Appropriation of Shakespeare in postmodern film, as distinct from adaptation, presents a partially seen textual body, cut off by the frame of the cinematic screen. My Own Private Idaho (1992, USA) in particular is overtly dominated, both visually and thematically, by the fragmentation of textual and physical bodies — the Shakespearean body as well its own. This essay examines the use of Henry IV's marginal characters and the echoic corporeal tropes of the play in the film's preoccupation with the body, using as a framework Barthesian critical ideas about the body-text (The Pleasure of the Text, 1975) and visual body tropes explored by Linda Nochlin (The Body in Pieces, 1994). Shakespeare's text becomes a body fragmented and commodified in Idaho, a film that presents both tragedy and rebellion via the manipulation of physical and textual bodies.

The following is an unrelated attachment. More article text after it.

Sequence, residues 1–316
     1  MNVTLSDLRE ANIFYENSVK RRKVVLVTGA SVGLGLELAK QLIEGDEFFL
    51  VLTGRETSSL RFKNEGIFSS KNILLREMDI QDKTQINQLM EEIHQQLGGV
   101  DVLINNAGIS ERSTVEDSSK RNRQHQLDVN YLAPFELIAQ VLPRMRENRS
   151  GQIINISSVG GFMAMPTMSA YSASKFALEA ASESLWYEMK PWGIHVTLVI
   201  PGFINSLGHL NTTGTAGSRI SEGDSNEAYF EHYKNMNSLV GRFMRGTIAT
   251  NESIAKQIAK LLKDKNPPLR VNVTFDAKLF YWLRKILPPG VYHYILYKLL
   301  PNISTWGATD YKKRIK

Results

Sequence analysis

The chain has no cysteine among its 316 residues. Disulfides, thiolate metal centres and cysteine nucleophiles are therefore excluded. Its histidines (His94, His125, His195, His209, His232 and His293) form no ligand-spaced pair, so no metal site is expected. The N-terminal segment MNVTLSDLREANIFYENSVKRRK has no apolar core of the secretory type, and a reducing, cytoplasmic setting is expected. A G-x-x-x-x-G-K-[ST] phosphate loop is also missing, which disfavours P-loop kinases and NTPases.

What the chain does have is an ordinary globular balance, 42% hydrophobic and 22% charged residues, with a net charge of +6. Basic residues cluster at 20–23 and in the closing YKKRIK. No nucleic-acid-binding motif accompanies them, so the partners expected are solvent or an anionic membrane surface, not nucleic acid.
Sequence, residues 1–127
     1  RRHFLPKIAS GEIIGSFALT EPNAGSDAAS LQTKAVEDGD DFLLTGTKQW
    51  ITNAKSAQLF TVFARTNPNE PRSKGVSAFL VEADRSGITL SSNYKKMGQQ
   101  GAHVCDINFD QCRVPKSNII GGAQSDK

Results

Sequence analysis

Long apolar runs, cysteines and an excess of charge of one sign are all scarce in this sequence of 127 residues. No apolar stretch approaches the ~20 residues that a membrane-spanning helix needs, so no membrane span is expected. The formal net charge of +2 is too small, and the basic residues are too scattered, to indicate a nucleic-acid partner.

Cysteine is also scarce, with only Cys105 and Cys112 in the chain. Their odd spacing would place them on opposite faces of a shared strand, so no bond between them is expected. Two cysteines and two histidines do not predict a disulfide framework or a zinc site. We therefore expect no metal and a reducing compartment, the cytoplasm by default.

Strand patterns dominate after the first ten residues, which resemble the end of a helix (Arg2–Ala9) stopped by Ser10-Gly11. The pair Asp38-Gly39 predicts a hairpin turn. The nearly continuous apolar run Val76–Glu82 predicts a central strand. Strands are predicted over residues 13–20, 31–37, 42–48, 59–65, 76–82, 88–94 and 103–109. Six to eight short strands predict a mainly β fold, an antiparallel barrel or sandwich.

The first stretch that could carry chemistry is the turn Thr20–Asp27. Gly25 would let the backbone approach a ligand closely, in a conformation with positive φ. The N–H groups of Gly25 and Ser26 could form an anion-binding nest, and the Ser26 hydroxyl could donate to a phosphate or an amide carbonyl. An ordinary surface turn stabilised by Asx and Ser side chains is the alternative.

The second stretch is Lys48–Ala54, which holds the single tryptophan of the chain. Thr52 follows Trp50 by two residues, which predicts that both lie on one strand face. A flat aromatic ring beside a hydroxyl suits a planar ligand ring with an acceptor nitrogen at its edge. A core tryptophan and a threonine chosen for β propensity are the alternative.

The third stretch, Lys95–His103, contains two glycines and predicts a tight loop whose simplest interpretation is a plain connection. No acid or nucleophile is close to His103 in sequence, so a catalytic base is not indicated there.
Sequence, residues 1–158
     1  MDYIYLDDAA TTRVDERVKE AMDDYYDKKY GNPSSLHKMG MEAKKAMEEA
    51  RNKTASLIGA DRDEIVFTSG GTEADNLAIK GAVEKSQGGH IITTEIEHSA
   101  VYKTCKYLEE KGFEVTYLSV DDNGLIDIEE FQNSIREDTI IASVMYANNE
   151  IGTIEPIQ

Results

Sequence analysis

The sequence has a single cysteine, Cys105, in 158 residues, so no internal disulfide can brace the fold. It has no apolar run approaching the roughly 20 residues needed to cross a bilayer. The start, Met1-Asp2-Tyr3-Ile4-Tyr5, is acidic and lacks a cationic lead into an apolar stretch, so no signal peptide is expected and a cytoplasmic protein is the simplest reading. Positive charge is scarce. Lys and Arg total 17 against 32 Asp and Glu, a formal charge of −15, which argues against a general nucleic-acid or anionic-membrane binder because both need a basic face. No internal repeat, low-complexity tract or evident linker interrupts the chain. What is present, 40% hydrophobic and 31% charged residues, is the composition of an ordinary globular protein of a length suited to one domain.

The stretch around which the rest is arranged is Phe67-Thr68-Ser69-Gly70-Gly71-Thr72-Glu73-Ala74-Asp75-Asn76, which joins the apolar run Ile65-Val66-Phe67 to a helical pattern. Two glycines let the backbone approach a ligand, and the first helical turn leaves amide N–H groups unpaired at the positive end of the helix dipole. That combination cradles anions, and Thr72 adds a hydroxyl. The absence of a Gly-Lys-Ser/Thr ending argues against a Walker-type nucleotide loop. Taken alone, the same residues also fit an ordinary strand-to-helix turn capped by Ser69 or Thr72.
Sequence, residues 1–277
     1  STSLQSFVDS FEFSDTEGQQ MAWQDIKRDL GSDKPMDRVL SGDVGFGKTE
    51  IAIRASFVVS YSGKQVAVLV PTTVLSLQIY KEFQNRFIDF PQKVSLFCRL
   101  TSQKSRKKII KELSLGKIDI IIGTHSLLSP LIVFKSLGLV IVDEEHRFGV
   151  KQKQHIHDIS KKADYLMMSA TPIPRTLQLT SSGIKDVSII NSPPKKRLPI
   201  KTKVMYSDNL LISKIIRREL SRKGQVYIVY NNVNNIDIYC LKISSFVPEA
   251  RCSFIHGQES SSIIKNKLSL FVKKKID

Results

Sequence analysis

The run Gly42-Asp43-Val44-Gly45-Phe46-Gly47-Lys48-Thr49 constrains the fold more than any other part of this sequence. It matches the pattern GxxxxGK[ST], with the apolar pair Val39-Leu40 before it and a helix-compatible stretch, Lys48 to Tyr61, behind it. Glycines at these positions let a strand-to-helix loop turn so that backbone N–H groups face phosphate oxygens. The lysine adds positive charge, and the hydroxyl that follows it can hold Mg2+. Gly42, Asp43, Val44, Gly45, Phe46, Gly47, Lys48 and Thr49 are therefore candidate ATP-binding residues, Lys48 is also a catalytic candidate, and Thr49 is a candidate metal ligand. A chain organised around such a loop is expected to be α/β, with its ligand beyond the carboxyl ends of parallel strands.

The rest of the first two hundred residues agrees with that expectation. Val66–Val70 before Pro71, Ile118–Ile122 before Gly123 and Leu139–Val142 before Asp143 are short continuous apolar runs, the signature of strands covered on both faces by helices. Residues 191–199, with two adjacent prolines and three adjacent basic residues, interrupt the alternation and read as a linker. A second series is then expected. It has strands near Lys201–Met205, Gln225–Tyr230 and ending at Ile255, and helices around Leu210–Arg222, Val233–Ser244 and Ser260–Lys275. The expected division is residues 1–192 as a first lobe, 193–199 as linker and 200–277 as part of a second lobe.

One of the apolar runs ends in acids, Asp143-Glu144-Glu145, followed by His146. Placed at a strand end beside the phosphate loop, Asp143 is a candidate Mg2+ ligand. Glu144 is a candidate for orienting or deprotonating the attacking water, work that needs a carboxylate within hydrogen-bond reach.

|Number of pages||26|
|Journal||Borrowers and Lenders: The Journal of Shakespeare and Adaptation|
|Publication status||Published - 1 Nov 2011|